"Today is Mozart's birthday," Boris Goldovsky said Wednesday evening, "and we are dedicating this performance to him as a birthday present." The New England Opera Theater's Cosi is competent and buoyant enough in the singing, rather dry and prosaic in the orchestral playing. Mr. Goldovsky conducts almost every number too fast, but the fine voices and fluent technique of the singers (especially the men--John McCollum, Robert Paul and Ronald Holgate, and Wednesday's Fiordiligi, Marguerite Willauer) go at least a little ways toward rescuing the situation. The staging, also Mr. Goldovsky's, is brisk though not particularly witty, and the only really unqualified success are Leo van Witsen's gorgeous clothes, whose rococo sometimes borders on the fantastic.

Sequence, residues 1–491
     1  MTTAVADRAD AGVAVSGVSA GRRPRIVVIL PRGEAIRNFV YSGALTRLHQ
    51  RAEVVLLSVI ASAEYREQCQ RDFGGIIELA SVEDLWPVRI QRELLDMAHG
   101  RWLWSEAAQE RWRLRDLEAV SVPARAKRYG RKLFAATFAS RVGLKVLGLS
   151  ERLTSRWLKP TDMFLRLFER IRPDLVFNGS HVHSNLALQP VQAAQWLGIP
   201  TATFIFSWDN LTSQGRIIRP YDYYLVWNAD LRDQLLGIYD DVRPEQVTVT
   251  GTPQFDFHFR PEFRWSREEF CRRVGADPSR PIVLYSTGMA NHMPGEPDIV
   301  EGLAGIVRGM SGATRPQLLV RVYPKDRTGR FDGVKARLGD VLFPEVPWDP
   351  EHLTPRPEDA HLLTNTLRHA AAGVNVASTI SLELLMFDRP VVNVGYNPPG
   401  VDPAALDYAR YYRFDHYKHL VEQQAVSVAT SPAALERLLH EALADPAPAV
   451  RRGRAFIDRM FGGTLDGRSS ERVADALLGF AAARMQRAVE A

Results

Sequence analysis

It is not a bad operatic production, but it is an inadequate production of Cosi, for which good intentions are not enough. If it is right to bring Mozart before the public even in slightly marred versions, it is also right to lavish exceptional amounts of care and money on him, and Wednesday night's under-rehearsed orchestra evinced neither. The New England Opera Theater might also remember this when producing Mozart: except for a small amount of recitative, a professional company has no right to cut the operas. Length is no excuse; audiences can easily take three and a half hours of Mozart. The intermissions can bear abbreviations better. And occasionally, it might be nice to have Cosi in Italian, because it is pleasant to hear Mozart sound natural. Whether Cosi in English is a sound educational policy or not, the translation is stilted and unlovely, while Da Ponte's Italian is fluent and graceful.